Greenness, trees, and mountains surround the people who visit Amicalola Falls. They gather to enjoy nature or be with friends and family. Some might hike the start of the Appalachian Trail. It was at this place a group of near and distant kin gathered August 12th, 2017 for the 39th annual Gilreath Family Reunion. Visiting and eating potluck lunch after a beautiful prayer of thanks have always been the mainstays of the reunion. Pictures and records of ancestors grace the welcome table. That’s a Gilreath reunion.
One special member of the clan is Melvin Gilreath. Melvin and cousin Kenneth started researching the family line years ago, publishing their body of work in December of 1994.
Melvin continues his research even today and is active on genealogy internet sites such as Ancestry.com. He is a wealth of knowledge – a real walking encyclopedia of GILREATH family history facts. This is no small feat since the first GILREATH, William, appeared in America in the mid 1700’s. It is estimated he had about 10 children and they in turn had many children themselves. Most survived to have large families of their own for generations. The clan is quite large. Melvin can tell you stories and cite documents about your GILREATH ancestor as though he knew them personally. He is truly amazing. When you come across information about the GILREATHs with Melvin as the author, you should respect what he has to say and take his lead.
As I prepared for attending the reunion, I went to Family Search.com to refresh myself on my Gilreath lineage only to be dismayed at the incorrect and assumptive information connected to William GILREATH and his children. It seems as though enthusiasm for finding family connections can sometimes overshadow the process of seeking, finding and submitting correct information.
To date, my GILREATH line on FamilySearch.com tells me my ancestor is William Wesley GALBREATH. I’ve never heard that middle name associated with this man from the 18th Century and he is listed in the earliest records as a GILREATH. Interestingly enough I found the following dialog between Cindy Brock and Melvin Gilreath about the middle name ‘Wesley’ on Ancestry.com. Melvin does a beautiful job explaining:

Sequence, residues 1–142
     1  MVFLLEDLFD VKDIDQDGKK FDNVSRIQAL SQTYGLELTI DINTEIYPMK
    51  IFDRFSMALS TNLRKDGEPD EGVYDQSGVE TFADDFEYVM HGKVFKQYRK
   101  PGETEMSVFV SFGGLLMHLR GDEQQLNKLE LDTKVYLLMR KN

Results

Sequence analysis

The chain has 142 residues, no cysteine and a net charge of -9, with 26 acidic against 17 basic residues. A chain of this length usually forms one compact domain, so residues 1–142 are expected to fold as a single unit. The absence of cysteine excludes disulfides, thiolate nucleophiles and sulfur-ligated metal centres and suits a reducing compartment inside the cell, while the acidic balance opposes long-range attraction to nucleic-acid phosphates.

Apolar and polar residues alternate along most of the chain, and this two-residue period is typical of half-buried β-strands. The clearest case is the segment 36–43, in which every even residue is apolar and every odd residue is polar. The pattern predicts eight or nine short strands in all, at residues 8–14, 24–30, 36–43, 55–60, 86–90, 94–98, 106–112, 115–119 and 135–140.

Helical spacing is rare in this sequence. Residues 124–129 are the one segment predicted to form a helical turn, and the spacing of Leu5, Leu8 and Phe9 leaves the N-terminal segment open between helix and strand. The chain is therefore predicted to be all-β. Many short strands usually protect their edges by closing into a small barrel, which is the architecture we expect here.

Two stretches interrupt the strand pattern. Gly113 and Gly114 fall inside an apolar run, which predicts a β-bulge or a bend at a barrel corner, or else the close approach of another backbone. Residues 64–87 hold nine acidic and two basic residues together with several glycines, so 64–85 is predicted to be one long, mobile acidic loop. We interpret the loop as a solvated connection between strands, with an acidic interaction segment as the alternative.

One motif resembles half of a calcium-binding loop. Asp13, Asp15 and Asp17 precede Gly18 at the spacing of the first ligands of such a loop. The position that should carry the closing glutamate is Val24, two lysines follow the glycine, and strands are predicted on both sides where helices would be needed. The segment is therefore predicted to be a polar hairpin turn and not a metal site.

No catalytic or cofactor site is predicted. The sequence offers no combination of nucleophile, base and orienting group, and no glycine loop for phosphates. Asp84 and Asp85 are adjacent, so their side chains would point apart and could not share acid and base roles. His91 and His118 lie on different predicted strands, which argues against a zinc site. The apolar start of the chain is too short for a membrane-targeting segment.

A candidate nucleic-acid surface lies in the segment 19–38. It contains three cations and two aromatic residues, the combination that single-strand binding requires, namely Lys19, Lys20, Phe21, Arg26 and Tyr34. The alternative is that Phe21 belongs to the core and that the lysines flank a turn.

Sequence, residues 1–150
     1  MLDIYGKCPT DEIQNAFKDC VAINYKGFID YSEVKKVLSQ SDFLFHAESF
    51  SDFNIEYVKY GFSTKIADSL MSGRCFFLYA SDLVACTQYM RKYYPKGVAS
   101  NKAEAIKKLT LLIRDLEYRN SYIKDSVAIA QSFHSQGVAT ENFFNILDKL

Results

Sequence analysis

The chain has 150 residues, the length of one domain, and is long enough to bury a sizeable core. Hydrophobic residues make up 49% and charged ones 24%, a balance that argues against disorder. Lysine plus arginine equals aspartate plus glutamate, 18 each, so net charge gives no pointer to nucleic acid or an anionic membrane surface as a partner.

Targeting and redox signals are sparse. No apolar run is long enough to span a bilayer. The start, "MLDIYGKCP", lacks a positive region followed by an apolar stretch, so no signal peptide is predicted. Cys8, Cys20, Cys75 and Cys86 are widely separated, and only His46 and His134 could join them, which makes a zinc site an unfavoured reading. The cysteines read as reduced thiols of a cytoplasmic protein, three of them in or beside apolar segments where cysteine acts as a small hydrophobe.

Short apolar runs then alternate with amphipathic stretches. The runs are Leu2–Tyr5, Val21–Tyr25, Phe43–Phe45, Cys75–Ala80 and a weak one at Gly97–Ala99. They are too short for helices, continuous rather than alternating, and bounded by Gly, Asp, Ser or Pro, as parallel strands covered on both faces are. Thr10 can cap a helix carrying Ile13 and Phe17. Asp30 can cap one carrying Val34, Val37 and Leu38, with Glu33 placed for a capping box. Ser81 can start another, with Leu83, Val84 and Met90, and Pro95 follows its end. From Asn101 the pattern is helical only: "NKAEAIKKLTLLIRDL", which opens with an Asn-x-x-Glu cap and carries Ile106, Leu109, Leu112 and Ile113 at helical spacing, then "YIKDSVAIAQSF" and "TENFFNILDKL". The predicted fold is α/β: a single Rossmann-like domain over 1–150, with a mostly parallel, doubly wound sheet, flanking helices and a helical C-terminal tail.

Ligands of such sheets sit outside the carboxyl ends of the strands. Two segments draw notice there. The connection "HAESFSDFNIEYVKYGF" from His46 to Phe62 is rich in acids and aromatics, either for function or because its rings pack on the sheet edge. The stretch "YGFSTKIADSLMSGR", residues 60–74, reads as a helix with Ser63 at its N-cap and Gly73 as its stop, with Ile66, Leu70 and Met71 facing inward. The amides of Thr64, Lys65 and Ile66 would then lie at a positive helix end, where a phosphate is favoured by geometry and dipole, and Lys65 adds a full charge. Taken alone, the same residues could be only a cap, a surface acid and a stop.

For years William Gilreath, Sr. (born 1725-1730) was simply listed as William Gilreath, now it seems that the information is all over the place that his name was William Wesley Gilreath. When and how did this start? I have never seen any documentation that listed his middle name as Wesley.
Also of note on middle names, I have recently seen someone lists son John (born abt. 1753) with the middle name Arrington. I have also seen no documentation showing William Gilreath, Sr.”s (born 1725-1730) son as John Arrington Gilreath.
Where are all these middle names coming from?
No commoner of English, Irish, Scottish or Welsh heritage had a middle name prior to the end of the American Revolution. Check the signatures of the signers of the Declaration of Independence and you will find no middle names. Also check the names of our first five Presidents and, again, no middle names. I wonder if folks just want to distinguish a particular individual so they add a middle name,
By the way, I doubt seriously that Mary (Arrington?) was the mother of any of William Gilreath’s children, other than son Jesse and daughter Mary. Note that according to William Gilreath’s will, only these two offspring stand to recieve a possible share of her dower.
Another point, William’s oldest son JOHN was born well before 1753. John’s brother William (Jr) was born in April that year (see his 1834 pension record). Besides, John signed as a witness to a deed in 1767 and he was living on his own in 1771 – possibly married (see 1771 Bute County, NC tax liat).
The first record of a William Wesley Gilreath shows he was not born until January 1824 (in Kentucky), Turns out he was my greaat grandfather. You can find a photo of his tombstone on “Find a Grave”, Gilreath cemetery, McCreary County, KY.
It’s on my list to straighten out the characters of this branch on FamilySearch.com. In the meantime, I recommend you keep your own digital or hardcopy of your linage and use it as a standard to measure the valuable and convenient internet resources available.
NOTE: Melvin passed through this life in 2017. His work with family history has been monumental. Here is his obituary: